How can I run a small business from home successfully?

Tips for running business from home

We are entering the third decade of the 21st century and more people than ever look for ways to start their own business and work from home. With eCommerce becoming the major trend of 2010’s and social media taking the central stage, accessing new clients worldwide has become easier than ever before. However, running a successful small business from home means fulfilling the following essential requirements, regardless of which industry you are in. If you don’t cover the basics, you will never build a successful “home-empire”.

1. Online presence.

If you are working from home, your online presence is EVERYTHING. If you are not on any social media, if you don’t use email, if you don’t have a website – you are nothing to people that you want to reach with your business. This is very simple, but too many people say “I don’t know this channel”, or “I have never done that before, I don’t think it’s for me”… Then being an at-home entrepreneur is not for you. Create a website, create a Facebook page/Twitter or Instagram account/engage people on Reddit, or no one WILL HEAR ABOUT YOU.

Having just a website, is no longer enough. In the early 2000’s you could try and grow it organically, by smashing the right keywords together and putting out daily content. In 2020’s this won’t do.

Here is just a brief list of all the social media that you could be using:


There are so many channels that you could utilise, which brings us to the next point…

2. Don’t spread yourself too thin.

This may seem counterintuitive to the previous advice, however there is a difference between utilising 2-3 channels, and trying to do ALL OF THEM at the same time. You may think that just because you are now working from home you have all the time in the world. WRONG. There are still just 24 hours in one day, and by attempting to be everywhere at the same time, you could be losing out on a golden opportunity in one particular channel.

If you don’t have much experience running a Facebook group or a LinkedIn page, then you should systematically test every channel, one/two at a time, until you find one that works for you. There is nothing wrong with dedicating 5-6 (or even more) months to seeing which of these will help you get more traffic, customers and so on. Just remember – you have to double-down on the ones that start working for you. If you have 1000 clicks from your Facebook page and zero conversions, and only 50 clicks, but 10 conversions from LinkedIn, then guess what? Facebook audience is not your audience. Stop publishing content on Facebook, and 3x your publishing rate on LinkedIn.

3. Time.

Just because you are working from home, doesn’t mean that you shouldn’t be putting all your available time into your business. Let’s be clear – no one knows who you are and no one cares. It takes time to build your client base and your product line. Are you offering services, rather than physical products? For example marketing or copywriting, or maybe you are an incredible video editor? Well, good news is, you don’t need to spend time creating a physical product, finding suppliers and couriers. Bad news is – you have to spend that time searching for clients/customers and trying to stand out from the crowd of hungry online marketers and “experts”.

Put the time in, don’t complain, and things will start to look good.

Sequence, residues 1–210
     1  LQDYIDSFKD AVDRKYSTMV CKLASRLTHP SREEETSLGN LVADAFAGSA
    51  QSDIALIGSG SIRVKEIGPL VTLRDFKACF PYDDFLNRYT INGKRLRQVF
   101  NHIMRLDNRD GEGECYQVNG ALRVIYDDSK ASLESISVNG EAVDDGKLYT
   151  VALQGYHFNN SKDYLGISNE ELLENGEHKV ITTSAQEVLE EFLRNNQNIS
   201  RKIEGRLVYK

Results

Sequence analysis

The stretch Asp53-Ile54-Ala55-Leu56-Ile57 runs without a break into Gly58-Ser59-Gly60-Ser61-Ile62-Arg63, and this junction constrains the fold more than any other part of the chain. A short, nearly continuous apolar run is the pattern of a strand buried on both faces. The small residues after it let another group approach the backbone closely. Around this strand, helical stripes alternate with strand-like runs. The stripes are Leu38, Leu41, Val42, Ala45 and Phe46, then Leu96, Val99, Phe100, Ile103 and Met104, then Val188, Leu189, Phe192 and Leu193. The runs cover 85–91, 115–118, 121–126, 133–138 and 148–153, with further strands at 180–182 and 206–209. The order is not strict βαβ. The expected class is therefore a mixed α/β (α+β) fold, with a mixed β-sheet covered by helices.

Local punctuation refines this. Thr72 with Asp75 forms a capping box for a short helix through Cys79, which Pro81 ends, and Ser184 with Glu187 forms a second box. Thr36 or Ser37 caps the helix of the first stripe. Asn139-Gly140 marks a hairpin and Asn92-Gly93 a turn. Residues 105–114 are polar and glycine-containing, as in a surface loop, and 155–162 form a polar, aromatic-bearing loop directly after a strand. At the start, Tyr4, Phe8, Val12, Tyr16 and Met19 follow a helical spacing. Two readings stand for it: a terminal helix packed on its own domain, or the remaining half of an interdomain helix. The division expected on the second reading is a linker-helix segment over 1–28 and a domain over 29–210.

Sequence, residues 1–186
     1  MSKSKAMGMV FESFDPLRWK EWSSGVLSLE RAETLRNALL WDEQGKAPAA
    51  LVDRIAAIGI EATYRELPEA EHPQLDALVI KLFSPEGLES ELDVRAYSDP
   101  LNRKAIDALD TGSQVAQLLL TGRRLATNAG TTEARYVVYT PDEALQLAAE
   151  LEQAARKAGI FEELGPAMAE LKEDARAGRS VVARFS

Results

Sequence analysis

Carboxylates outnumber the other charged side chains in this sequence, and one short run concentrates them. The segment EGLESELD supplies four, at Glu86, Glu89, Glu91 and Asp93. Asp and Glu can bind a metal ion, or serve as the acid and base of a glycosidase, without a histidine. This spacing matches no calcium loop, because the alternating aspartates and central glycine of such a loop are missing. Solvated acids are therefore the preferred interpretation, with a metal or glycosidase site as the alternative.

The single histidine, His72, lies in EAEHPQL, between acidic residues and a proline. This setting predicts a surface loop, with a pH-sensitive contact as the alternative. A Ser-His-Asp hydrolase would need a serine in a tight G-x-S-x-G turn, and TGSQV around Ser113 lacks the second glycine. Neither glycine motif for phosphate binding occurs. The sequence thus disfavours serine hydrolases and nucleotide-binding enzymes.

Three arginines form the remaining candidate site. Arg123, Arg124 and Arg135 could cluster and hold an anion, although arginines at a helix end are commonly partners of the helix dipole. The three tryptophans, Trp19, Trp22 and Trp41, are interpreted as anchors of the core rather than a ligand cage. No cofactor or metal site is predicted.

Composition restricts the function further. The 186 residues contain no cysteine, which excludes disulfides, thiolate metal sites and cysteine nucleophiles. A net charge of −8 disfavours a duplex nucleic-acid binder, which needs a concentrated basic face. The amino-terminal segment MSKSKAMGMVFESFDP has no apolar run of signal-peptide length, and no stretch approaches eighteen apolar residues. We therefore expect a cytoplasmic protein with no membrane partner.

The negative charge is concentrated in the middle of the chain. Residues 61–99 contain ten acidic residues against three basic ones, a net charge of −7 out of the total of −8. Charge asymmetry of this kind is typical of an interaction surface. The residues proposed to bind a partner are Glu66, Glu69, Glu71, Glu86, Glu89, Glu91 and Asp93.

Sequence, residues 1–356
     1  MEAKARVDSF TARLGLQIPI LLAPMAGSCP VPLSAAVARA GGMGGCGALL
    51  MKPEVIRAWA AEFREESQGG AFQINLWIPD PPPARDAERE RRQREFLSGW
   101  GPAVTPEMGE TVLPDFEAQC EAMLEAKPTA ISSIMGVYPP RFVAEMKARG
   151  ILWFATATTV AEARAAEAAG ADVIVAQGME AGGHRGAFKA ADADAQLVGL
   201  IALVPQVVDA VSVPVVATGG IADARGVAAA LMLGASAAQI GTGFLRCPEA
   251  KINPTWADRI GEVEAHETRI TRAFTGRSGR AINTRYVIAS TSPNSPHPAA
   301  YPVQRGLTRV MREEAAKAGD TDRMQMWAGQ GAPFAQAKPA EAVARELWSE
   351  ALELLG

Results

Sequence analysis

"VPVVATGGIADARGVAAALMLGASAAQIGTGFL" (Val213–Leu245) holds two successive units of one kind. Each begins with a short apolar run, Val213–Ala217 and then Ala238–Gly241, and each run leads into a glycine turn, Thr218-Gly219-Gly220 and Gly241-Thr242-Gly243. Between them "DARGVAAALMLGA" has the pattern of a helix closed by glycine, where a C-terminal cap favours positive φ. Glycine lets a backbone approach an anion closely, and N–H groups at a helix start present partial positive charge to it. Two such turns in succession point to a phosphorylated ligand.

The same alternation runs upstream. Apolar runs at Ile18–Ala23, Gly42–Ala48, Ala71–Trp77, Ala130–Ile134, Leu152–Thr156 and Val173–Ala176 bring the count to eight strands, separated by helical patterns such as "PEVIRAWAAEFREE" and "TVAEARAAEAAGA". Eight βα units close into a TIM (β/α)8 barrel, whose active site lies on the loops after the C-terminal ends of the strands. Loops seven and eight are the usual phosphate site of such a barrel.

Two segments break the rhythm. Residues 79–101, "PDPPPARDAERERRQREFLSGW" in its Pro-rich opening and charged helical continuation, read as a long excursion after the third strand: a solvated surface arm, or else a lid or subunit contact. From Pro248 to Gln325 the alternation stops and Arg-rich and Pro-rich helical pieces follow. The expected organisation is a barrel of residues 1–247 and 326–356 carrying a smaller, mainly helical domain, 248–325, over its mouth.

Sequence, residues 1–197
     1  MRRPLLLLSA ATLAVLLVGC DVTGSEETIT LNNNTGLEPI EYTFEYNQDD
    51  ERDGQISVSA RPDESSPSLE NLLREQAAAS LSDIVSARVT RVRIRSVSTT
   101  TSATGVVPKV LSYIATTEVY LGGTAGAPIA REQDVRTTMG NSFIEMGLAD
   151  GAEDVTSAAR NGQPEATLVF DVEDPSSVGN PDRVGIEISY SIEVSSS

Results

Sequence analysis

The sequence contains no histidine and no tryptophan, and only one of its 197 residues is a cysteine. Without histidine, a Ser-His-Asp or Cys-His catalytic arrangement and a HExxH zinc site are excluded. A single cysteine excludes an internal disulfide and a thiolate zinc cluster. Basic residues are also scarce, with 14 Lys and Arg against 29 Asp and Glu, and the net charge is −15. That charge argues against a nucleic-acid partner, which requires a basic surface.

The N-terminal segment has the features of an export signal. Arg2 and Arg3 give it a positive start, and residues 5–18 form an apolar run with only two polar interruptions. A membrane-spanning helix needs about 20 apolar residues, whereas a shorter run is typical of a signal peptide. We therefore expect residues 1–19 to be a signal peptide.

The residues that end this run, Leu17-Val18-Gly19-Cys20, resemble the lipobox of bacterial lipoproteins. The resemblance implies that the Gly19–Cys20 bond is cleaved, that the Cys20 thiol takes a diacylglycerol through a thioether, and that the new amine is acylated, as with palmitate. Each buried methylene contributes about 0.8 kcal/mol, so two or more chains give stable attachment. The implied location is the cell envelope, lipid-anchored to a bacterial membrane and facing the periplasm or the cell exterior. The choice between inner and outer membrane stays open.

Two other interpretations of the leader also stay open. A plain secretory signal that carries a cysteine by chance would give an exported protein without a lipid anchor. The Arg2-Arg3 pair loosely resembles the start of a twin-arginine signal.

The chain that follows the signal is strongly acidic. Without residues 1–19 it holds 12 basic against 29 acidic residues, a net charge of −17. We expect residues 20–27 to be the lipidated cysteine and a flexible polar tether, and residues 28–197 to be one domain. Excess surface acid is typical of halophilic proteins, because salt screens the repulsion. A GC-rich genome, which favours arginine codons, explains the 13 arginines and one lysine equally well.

4. Basic accounting.

This part is underestimated by so many freelancers, and yet it is absolutely crucial to any successful business. You need to decide if you are going to start a company right out of the gate, or if you will first try to acquire your customers as a freelancer. For example, in the UK, you can set up as a sole trader, and invoice your clients as a one-man-shop. Or, you could start a more popular option – a limited company, which would limit your liability and help make yourself look more “established”. (You can also form a partnership, but since you are just starting your business from home, the first two options will be a lot more efficient).

Once you have set up: taxman is at the door. You need to file your accounts. Before you set up a business, calculate: your expenses, money in the bank, profit margins (on different services and products), and what your runway is (i.e. when will your money run out). REMEMBER, that since you are running your own business from home, it is not only your responsibility to submit returns on time, but also to look after yourself, part of which is spending money on such essential things as rent and food.

5. Looking after yourself.

You may have set up a brilliant operation, but if you get 4 hours of sleep a night, barely eat anything and have absolutely no desire to carry on after 6 months – what’s the point? Most people start a new business from home simply for the sake of living a better life. Only two months in they realise that this new life SUCKS. Don’t be that person. If this is what you are meant to do – enjoy it. This means being frugal up to a fault, and yet having everything you need to be healthy.

6. Meeting other people.

Just because you are starting a business from home, it doesn’t mean that you should never leave your house again. After researching your niche, it should be clear to you: where your clients hang out, where your potential partners could be found, how you could reach them apart from cold emails and cold calls, and so on. Use the local event groups and “offline” locations to meet people. Not only will you find that it is useful for your business, but it will help stimulate you as well, and get quick feedback on what you are doing right away (even if the person giving feedback doesn’t convert into a customer straight away).

There is nothing magical about working from home, but when you have your basis covered, you can grow it into something truly special.